- Control: writing sharpen your thinking. Philosophy attempts to put pieces together. AI extends your control outside of yourself. Writing video games makes you “a God” in the world you created “by definition”.
- Self Actualization? Transcendence? Immortality? What’s our North Star?
Down to Earth.
While I like to let my mind wander in the abstract world of Platonic ideas, Paul is a very concrete man:
I don’t remember the moment it happened, or if there even was a specific moment, but during the first year of grad school I realized that AI, as practiced at the time, was a hoax […]
That whole way of doing AI, with explicit data structures representing concepts, was not going to work. Its brokenness did, as so often happens, generate a lot of opportunities to write papers about various band-aids that could be applied to it.
I love his accurate description of the paper publishing industry also known as Academic Research 🙂
This was the AI back in Lisp/Prolog era. I had the same feeling back in the early 2000s, and I still feel like we’re overestimating AI/ML these days. I’ll be proven wrong, I’m sure, but yeah… Intelligence Artificial isn’t (said RIP, the Principal Research Engineer for an Academic Institute working on ML).
So I looked around to see what I could salvage from the wreckage of my plans, and there was Lisp. I knew from experience that Lisp was interesting for its own sake and not just for its association with AI.
Jumping from a sinking ship to another. This is a common pattern among smart people. Do not get attached to your first ideas. Paul would say “Keep your Identity Small“. Go deep, learn, view everything from the above, and keep moving.
Alan Watts would also add: “You are under no obligation to be the same person you were five minutes ago”
On the technical side of things I can’t relate much to Paul: I’m not a fan of Lisp, simply because I never played with the language. I fell in love for C (and then C++) at first sight, which were de facto standard in the videogame industry when I started coding 30+ years ago.
While Paul loves writing software, he recognized that it has some structural problems:
Any program you wrote today, no matter how good, would be obsolete in a couple decades at best. People might mention your software in footnotes, but no one would actually use it. And indeed, it would seem very feeble work. Only people with a sense of the history of the field would even realize that, in its time, it had been good.
I realized it late. At the peak of my passion for coding I had the ambition of writing “library” code that could last forever. I was more of a library guy than a product guy. For example in my professional Videogame Development career I worked in the Game Engine development, not in final video games implementations.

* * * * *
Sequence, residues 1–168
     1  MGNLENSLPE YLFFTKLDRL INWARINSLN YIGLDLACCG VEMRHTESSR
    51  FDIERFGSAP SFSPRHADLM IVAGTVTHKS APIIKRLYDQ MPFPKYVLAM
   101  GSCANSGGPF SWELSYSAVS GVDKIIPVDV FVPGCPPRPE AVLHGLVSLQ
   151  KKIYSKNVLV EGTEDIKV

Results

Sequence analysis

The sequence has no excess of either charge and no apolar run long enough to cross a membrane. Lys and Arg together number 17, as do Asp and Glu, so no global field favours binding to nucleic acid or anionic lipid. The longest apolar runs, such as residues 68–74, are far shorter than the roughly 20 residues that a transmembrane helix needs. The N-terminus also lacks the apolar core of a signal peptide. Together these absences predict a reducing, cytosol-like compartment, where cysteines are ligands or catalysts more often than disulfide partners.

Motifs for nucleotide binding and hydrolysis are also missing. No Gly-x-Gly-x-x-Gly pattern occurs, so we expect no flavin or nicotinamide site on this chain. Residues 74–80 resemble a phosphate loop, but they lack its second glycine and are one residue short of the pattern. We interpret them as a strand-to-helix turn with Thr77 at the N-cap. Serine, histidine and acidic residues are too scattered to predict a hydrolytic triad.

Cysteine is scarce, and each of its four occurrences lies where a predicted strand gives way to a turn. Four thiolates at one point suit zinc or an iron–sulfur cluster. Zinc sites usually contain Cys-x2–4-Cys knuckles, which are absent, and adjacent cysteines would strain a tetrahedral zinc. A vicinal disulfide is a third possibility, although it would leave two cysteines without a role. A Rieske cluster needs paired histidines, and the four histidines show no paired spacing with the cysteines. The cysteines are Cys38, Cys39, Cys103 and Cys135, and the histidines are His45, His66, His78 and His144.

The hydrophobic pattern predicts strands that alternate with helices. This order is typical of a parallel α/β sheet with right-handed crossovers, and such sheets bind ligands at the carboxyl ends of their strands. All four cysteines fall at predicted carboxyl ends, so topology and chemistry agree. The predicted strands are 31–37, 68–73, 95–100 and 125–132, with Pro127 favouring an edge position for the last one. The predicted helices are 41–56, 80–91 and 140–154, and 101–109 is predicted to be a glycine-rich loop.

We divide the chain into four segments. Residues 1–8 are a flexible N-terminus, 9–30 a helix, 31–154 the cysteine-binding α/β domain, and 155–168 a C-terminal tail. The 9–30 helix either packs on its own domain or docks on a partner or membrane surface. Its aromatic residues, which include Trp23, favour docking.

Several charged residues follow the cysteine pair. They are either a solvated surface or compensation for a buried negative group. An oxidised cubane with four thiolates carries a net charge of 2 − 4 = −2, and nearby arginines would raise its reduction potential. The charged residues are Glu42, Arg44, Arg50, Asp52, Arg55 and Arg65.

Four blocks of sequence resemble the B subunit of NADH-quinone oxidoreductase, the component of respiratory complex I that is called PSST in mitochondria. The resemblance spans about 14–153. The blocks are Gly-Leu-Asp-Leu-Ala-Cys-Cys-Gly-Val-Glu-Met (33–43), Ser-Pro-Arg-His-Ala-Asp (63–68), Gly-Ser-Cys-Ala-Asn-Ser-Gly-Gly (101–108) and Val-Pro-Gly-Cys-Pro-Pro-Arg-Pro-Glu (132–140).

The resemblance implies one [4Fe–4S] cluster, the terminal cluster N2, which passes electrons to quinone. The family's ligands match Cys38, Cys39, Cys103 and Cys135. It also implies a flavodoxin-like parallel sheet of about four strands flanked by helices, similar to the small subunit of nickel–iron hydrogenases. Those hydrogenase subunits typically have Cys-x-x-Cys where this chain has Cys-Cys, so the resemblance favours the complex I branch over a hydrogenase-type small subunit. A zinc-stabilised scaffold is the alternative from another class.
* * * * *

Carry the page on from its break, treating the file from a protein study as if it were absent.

Maybe if I realized (and accepted) that my artifacts were not going to last forever I’d have either had a better career (due to lower expectations) or I’d have quit way earlier to work on something “more immortal”.
All the code I’ve written at Google has been deprecated, discontinued, thrashed within a few years.
Sisyphus, hold my beer.
Paul, like me, had a strong desire to build something that would last:
While looking at a painting there (Carnegie Mellon University – RIP Note) I realized something that might seem obvious, but was a big surprise to me. There, right on the wall, was something you could make that would last.
Paintings didn’t become obsolete. Some of the best ones were hundreds of years old.
Yes Paul, but does it pay the bills?
And moreover this was something you could make a living doing. Not as easily as you could by writing software, of course, but I thought if you were really industrious and lived really cheaply, it had to be possible to make enough to survive. And as an artist you could be truly independent. You wouldn’t have a boss, or even need to get research funding.
Woo-hoo! Frugality as a solution to do what you love, a healthy dose of repulsion of a normal 9to5 life, and independence as a goal.
Paul, you get the FIRE membership ad honorem!
Well, given that his Net Worth should be in the 9 or 10 digits according to some estimates he “might” get a real Gold or Platinum membership…
Paul started to take Art classes at Harvard, and dreaming about quitting Grad school and his PhD Program.
I remember when my friend Robert Morris got kicked out of Cornell for writing the internet worm of 1988, I was envious that he’d found such a spectacular way to get out of grad school.
After graduating in AI in spring 1990 (age 25), Paul decided to apply for Art Schools.
Art School and Employment
Fun fact: Paul studied art in Italy, at the Accademia Belle Arti in Florence. They mistakenly sent a response to his application letter back to Cambridge UK instead of Cambridge Massachusetts (US).
Aaaah, what a good taste of Italian Quality! You’re welcome Paul. Luckily for him, he managed to pass the preliminary exam even though he received the invitation letter waaay too late!
Italian bureaucracy did damage his artistic career though. We might have to thank Italy if the world was able to enjoy one of the greatest essayists and angel investors of all times:
Here I was, yet again about to attend some august institution in the hopes of learning about some prestigious subject, and yet again about to be disappointed.